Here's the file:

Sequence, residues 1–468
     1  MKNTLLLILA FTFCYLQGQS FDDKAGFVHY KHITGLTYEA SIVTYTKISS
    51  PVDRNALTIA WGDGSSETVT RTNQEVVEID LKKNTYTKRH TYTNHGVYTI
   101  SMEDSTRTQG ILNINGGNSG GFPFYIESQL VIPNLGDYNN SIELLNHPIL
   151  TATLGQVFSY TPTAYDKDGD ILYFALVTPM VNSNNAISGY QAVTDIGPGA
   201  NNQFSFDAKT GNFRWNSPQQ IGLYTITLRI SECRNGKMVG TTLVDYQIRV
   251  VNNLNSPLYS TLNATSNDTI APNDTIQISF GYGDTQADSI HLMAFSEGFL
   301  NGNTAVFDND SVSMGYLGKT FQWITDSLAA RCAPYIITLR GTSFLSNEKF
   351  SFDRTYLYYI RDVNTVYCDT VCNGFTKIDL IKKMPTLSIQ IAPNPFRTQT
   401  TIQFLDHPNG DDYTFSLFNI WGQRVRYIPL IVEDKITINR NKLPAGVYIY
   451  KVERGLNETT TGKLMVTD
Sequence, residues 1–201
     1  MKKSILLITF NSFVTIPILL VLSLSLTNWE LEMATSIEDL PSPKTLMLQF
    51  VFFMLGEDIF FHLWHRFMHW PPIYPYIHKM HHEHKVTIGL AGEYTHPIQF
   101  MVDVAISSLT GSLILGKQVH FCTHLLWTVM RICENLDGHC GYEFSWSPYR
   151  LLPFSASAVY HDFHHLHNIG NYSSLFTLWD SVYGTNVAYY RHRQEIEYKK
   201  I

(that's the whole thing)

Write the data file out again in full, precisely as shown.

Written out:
Sequence, residues 1–468
     1  MKNTLLLILA FTFCYLQGQS FDDKAGFVHY KHITGLTYEA SIVTYTKISS
    51  PVDRNALTIA WGDGSSETVT RTNQEVVEID LKKNTYTKRH TYTNHGVYTI
   101  SMEDSTRTQG ILNINGGNSG GFPFYIESQL VIPNLGDYNN SIELLNHPIL
   151  TATLGQVFSY TPTAYDKDGD ILYFALVTPM VNSNNAISGY QAVTDIGPGA
   201  NNQFSFDAKT GNFRWNSPQQ IGLYTITLRI SECRNGKMVG TTLVDYQIRV
   251  VNNLNSPLYS TLNATSNDTI APNDTIQISF GYGDTQADSI HLMAFSEGFL
   301  NGNTAVFDND SVSMGYLGKT FQWITDSLAA RCAPYIITLR GTSFLSNEKF
   351  SFDRTYLYYI RDVNTVYCDT VCNGFTKIDL IKKMPTLSIQ IAPNPFRTQT
   401  TIQFLDHPNG DDYTFSLFNI WGQRVRYIPL IVEDKITINR NKLPAGVYIY
   451  KVERGLNETT TGKLMVTD
Sequence, residues 1–201
     1  MKKSILLITF NSFVTIPILL VLSLSLTNWE LEMATSIEDL PSPKTLMLQF
    51  VFFMLGEDIF FHLWHRFMHW PPIYPYIHKM HHEHKVTIGL AGEYTHPIQF
   101  MVDVAISSLT GSLILGKQVH FCTHLLWTVM RICENLDGHC GYEFSWSPYR
   151  LLPFSASAVY HDFHHLHNIG NYSSLFTLWD SVYGTNVAYY RHRQEIEYKK
   201  I